“Here beginneth my journal, this Thursday, the 25th day of June, Anno Domini 1818.”
–John Keats to Tom Keats, 25 June 1818
Here beginneth the KLP’s chronicling of Keats’s Northern Tour, this Monday, the 25th day of June, Anno Domini 2018. For the next two months we’ll be following along as Keats and Charles Brown follow their noses to the north (see here for the reference). It’s a fascinating journey. Keats imagined it as “a sort of Prologue to the Life I intend to pursue–that is to write, to study and to see all Europe at the lowest expence.” (see his letter to Haydon from 8 April 1818). He planned to “go to gorge wonders,” (letter to Reynolds from 9 April 1818), and in so doing to add to his store of poetic materials: “I shall learn poetry here and shall henceforth write more than ever, for the abstract endeavor of being able to add a mite to that mass of beauty which is harvested from these grand materials, by the finest spirits, and put into etherial existence for the relish of one’s fellows” (from today’s letter!).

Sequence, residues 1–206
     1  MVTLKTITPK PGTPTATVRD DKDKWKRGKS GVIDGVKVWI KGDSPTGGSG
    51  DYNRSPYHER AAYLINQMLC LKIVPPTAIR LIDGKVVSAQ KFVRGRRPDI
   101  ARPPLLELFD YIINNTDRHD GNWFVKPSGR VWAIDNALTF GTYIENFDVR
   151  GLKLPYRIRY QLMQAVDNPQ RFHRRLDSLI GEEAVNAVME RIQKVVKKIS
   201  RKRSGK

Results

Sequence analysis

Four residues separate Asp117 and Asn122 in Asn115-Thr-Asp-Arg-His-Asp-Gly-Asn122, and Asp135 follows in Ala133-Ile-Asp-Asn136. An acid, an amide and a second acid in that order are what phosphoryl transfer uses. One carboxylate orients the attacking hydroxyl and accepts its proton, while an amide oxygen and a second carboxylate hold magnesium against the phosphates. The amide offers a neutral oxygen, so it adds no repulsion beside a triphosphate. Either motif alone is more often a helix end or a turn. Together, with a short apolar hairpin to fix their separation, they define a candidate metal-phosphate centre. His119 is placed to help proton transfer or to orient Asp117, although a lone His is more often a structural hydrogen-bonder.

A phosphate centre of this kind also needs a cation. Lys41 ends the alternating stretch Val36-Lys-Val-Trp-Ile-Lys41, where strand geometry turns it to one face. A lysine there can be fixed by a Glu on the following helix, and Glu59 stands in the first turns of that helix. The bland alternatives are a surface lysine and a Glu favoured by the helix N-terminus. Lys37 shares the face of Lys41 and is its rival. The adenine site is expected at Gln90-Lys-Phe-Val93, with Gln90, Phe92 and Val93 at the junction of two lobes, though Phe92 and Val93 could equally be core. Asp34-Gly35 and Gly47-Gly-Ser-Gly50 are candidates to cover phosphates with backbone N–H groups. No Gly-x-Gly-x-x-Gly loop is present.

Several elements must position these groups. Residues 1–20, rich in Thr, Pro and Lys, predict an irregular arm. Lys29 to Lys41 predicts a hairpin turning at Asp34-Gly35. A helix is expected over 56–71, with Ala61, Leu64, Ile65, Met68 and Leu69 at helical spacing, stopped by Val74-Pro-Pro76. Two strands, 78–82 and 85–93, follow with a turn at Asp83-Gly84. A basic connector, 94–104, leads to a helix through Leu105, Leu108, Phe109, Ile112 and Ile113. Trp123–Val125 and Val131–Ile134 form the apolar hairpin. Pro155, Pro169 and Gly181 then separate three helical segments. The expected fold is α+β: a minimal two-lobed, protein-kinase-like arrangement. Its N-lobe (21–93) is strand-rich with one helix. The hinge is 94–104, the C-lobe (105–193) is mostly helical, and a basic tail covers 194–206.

We’ll here more about this letter on Wednesday, when the KLP’s own will provide us with a more sustained response to this opening missive from Keats’s journey. But before we leave you today, here is some background on the history of this particular letter. The manuscript is now lost, but the text of the letter does not come to us from a usual source like a John Jeffrey or Richard Woodhouse transcript. Instead it comes from the June 1836 issue of The Western Messenger, a magazine founded by James Freeman Clarke and a group of other Unitarian ministers in the (then) western United States. What was Clarke doing publishing a letter by John Keats in his magazine? Well, Clarke had been living in Louisville, Kentucky since 1833, and during his time there he had befriended a local pillar of the community who just happened to be the brother of some fancy-lad poet from England. Yes, Clarke and George Keats became fast friends.